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May 19, 2015 - A Look At The New Commandlinefu
I've put together a short writeup on what kind of newness you can expect from the next iteration of clfu. Check it out here.
March 2, 2015 - New Management
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Monitor logs in Linux using Tail

Terminal - Monitor logs in Linux using Tail
find /var/log -type f -exec file {} \; | grep 'text' | cut -d' ' -f1 | sed -e's/:$//g' | grep -v '[0-9]$' | xargs tail -f
2009-06-03 09:47:08
User: mohan43u
Functions: cut file find grep sed tail xargs
Monitor logs in Linux using Tail

Works in Ubuntu, I hope it will work on all Linux machines. For Unixes, tail should be capable of handling more than one file with '-f' option.

This command line simply take log files which are text files, and not ending with a number, and it will continuously monitor those files.

Putting one alias in .profile will be more useful.


There is 1 alternative - vote for the best!

Terminal - Alternatives

Know a better way?

If you can do better, submit your command here.

What others think

I've always wondered if I could tail more than one file. Can you break down each command and say what exactly is going on here?

Comment by Scott 463 weeks and 6 days ago

In the long term, if you find this kind of consolidated log useful, consider changing your log settings to give you that in the first place.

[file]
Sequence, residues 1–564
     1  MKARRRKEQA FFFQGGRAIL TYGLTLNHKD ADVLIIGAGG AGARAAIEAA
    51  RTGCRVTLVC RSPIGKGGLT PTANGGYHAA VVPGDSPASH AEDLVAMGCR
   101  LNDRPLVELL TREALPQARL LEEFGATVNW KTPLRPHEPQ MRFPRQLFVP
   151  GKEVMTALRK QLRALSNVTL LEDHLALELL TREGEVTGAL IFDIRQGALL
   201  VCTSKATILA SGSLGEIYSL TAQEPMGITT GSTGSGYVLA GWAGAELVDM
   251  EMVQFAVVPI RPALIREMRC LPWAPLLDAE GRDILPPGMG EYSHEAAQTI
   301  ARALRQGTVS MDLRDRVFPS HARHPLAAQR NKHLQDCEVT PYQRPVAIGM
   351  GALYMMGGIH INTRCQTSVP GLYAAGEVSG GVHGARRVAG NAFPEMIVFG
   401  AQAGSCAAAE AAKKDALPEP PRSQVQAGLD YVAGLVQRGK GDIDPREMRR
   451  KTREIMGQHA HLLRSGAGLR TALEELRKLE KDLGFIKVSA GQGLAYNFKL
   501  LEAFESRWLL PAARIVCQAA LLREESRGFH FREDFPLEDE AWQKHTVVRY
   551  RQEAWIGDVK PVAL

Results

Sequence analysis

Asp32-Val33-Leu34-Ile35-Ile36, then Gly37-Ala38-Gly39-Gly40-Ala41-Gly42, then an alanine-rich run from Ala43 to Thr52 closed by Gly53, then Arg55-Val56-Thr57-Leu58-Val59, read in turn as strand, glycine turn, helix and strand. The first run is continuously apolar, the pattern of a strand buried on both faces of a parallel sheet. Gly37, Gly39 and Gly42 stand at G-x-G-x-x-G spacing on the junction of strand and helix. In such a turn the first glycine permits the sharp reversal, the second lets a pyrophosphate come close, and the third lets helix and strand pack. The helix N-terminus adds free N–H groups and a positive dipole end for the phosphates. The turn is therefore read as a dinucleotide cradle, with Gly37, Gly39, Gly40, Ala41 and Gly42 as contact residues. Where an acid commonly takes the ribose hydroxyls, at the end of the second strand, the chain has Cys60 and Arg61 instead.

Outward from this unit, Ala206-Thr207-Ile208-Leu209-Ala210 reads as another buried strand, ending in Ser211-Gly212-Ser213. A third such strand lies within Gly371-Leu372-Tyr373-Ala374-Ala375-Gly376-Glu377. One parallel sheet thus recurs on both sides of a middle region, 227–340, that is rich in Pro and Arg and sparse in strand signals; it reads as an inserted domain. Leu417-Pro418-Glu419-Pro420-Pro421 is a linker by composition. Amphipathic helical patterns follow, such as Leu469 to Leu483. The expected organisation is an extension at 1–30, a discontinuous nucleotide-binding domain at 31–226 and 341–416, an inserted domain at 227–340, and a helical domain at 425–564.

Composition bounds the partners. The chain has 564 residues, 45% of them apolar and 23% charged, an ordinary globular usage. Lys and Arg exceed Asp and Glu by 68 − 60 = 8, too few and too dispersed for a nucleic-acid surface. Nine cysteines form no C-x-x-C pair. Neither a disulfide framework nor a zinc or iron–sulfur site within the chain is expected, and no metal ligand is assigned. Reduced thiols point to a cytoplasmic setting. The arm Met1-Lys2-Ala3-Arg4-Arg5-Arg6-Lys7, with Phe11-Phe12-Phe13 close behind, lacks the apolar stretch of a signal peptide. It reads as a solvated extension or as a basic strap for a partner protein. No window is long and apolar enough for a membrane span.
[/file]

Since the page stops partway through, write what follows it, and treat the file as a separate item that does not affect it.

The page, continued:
Comment by citybadger 463 weeks and 6 days ago

@Scott find is a generic tool for searching a path for files that match rules you specify and then possibly taking action. Here we are finding normal files (not directories) in /var/log (where log files live) and running 'file' on each of them which spits out the filename along with a description of file's guess as to each filetype. The grep|cut|set|grep combo just filters the text down to the filenames of actual text files, and, and then the xargs part just runs one instance of tail on all the resulting filenames. If you're on a unix system, you could test this on your system. To see the effect of each command just start with the 'find' part and then start tacking on the succeeding piped commands one by one. Don't forget to check the man pages too: 'man find', 'man file', etc.

Comment by bwoodacre 463 weeks and 6 days ago

@bwoodacre, thanks for the explanation, I should have explained at first. I'll be happy if someone says, "Hey, its monitoring my ssh logs, apache logs, php logs, mysql logs etc.,". I didn't install them in my old machine.

Comment by mohan43u 463 weeks and 6 days ago

Very neat command, I like it :) Thanks.

Comment by Weboide 463 weeks and 5 days ago

You can also replace tail with inotail which will reduce the load. (because inotail uses inotify which is a kernel feature to get notified of file changes)

Comment by Weboide 463 weeks and 5 days ago

grep, cut. sed and then grep again. Why not just sed?

find /var/log -type f -exec file {} \; | sed -n '/text/ s/[^0-9]:.*//p' | xargs tail -f
Comment by unixmonkey8119 343 weeks and 2 days ago

Your point of view

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